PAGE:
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My life story, village to city


"game kella colomba avith" (A girl from a village arrives in Colombo)

I was born near Gampola . We had four girls in our family, and I have very fond memories of growing up. At the age of 3 and half years I was admitted to a small village school. When I visited this school recently it was named “Kirinda Primary Model School”. It was a mixed school. Boys wore shorts or sarongs and girls wore the “lamasariya”. This is a white cloth and jacket with a frill around the neck. Only the two of us wore a frock - Neela Somalatha and I. Our fathers worked in the same bus company. I met her again in 1976 when I was DMO Udugama Hospital, and she was the District Engineer and became the Wayamba Provincial Engineer. That year the three of us who were 1st,2nd& 3rd in the class were asked to stand on our chairs for applause from the rest of the class.

Our family moved to Galle to live with our grandparents when my father was transferred there. I went to Sanghamitta Vidyalaya in Galle. As I was the new girl it was difficult to catch up with my peers who were essentially repeating the Grade 5 and when I told the teachers that I did not understand some of the work they asked me to get instructions and help from another student! At the first term test I was placed 21st. My grandmother took me to a Bodhi puja saying I was going through a bad period. I got through to Grade VI with low marks. Two classmates Dr. Mrs. Bandulatha Samarajeewa and Dr. Mrs. Lakshmi Dharmagunawardana (who were 1st and 2nd respectively in my class) are now in the UK.

In January 1960 I was ready to go to the new school, Southlands but my parents still wanted me to continue at Sangamiththa. I refused to go to Sangamiththa. All my relations pleaded with me saying “aren’t you ashamed to go to this small village school. It’s a disgrace to the whole family”. I eventually went to Sudarma Vidyalaya in Devata, with only about 300 students. I was treated like a VIP there as I came from the biggest and best school in the area.

I then continued my studies in Southlands. When I was in Grade VIII my father passed away suddenly. That was a big blow to our family. As my mother wasn’t employed it was our grandparents who supported us. I however was determined to study as we had no other way to get out of this terrible situation. After Grade VIII we were selected to the science stream and I became 1st in that class and maintained standards throughout until I left Southlands. I passed O levels as the best student, in Southlands and the whole Galle district as well. I was sad to leave Southlands to a school in Colombo as there was no A/L science classes there. However, the Southlands principal asked me to come back as she had obtained permission to start a new A/L science class there. I was also scared going to Colombo as our family finances were weak and I therefore stayed back in Southlands. Our Principal requested the Principal of Richmond college to loan a teacher to Southlands. This teacher happened to be Sarath Gamini de Silva (later Consultant physician) who was awaiting admission to Medical faculty. He had studied in the english medium and translated his notes to Sinhala. Unfortunately, new teachers were not appointed - so I left Southlands and entered Visakha Vidyalaya, Colombo, in January 1968.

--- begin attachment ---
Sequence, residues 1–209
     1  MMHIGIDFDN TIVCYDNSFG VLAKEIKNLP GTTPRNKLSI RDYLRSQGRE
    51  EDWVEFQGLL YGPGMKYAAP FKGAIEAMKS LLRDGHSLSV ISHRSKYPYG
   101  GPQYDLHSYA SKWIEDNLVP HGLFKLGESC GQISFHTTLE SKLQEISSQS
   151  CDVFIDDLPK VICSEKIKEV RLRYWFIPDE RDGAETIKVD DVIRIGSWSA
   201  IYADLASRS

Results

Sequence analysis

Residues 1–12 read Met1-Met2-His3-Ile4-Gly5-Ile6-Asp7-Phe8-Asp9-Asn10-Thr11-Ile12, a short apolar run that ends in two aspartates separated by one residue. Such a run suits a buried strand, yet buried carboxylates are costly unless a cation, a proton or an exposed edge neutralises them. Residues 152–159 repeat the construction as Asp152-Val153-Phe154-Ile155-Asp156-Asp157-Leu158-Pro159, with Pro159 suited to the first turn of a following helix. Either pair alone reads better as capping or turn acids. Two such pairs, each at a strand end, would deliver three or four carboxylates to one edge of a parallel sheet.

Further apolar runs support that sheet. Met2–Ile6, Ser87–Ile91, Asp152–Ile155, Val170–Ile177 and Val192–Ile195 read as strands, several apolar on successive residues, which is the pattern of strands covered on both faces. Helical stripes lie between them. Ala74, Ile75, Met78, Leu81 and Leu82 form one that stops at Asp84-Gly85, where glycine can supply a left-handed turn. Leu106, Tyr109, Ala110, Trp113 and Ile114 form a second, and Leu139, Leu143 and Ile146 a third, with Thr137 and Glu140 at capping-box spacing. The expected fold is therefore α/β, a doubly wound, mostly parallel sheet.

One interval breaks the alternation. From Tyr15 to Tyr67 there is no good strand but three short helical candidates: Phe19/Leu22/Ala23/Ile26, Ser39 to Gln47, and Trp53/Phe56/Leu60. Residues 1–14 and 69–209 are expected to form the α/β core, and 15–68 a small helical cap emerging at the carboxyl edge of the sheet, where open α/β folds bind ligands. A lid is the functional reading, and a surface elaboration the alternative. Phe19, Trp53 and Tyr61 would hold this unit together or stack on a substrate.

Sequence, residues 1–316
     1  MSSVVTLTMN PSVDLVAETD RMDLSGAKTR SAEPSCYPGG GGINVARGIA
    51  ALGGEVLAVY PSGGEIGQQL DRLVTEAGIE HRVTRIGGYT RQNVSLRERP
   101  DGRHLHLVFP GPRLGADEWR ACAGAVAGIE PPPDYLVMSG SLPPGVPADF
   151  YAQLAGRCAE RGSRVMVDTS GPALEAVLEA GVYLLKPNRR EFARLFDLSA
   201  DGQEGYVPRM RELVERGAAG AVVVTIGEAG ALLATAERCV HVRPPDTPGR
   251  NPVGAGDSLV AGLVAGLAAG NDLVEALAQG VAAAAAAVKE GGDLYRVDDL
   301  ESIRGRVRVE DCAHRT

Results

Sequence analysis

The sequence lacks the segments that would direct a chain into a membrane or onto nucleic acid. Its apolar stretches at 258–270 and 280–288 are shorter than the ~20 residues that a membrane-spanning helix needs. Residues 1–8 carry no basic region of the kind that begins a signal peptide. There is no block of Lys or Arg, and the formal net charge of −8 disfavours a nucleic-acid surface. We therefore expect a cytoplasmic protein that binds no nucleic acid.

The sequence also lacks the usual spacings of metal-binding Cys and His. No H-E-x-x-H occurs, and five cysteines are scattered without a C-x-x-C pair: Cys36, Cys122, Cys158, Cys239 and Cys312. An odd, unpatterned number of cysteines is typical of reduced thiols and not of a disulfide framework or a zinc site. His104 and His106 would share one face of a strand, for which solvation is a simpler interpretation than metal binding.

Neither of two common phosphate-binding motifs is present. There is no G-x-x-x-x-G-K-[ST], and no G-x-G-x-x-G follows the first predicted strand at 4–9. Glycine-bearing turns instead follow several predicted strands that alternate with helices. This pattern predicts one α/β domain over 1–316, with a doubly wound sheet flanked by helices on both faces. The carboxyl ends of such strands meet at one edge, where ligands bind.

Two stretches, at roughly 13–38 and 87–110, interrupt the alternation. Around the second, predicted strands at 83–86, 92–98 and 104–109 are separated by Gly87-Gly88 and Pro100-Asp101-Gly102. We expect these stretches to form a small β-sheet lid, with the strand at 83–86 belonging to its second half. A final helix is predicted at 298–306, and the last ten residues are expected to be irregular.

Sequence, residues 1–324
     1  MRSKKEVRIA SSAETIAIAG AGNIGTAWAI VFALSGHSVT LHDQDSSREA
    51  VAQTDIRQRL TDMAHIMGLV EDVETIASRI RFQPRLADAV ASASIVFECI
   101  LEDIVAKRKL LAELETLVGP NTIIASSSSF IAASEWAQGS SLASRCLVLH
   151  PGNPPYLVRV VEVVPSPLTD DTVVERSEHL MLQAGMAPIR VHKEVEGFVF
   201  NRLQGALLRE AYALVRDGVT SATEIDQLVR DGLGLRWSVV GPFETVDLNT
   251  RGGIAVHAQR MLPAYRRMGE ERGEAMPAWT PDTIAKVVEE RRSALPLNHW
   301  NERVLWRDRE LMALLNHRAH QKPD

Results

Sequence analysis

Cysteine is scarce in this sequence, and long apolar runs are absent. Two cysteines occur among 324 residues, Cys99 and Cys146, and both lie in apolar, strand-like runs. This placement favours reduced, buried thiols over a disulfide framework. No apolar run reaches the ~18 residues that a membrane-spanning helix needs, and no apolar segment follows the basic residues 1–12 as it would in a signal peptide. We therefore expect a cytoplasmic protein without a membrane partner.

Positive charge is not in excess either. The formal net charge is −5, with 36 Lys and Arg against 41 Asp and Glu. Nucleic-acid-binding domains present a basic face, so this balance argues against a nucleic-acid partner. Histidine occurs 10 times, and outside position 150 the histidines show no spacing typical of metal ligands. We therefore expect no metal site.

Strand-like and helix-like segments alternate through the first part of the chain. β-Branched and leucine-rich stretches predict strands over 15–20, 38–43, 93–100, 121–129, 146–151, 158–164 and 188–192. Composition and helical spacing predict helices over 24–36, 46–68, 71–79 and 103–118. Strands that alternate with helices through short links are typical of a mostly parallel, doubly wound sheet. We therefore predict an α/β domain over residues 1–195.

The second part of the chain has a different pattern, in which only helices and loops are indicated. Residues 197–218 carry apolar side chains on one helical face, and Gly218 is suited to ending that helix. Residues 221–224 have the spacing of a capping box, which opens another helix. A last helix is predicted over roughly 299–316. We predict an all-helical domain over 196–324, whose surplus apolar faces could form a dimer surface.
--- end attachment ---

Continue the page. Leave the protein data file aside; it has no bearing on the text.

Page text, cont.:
My transition from Southlands to Visakha left me feeling anxious. I was a simple village girl thrust into the company of students from a higher social background without any preparation. Two girls in my class who helped me enormously were Dushyanthi & Charmini. However, the positive opinion of my teachers of me was truly life changing. I was considered the new bright girl at Visakha. I did not like tuition - best results in Southern province without tuition and financial circumstances kept me away from these classes. I had extra help from my teachers in every subject and they inspired me and helped shape my future. My mother’s asthma began to play up close to the A/Ls and my time was spent in looking after her. These worries and financial constraints had an impact on my studies. But my tight knit friendship with Dushyanthi and Charmini was vital to my success at the A/L exam.

Rani Fernando


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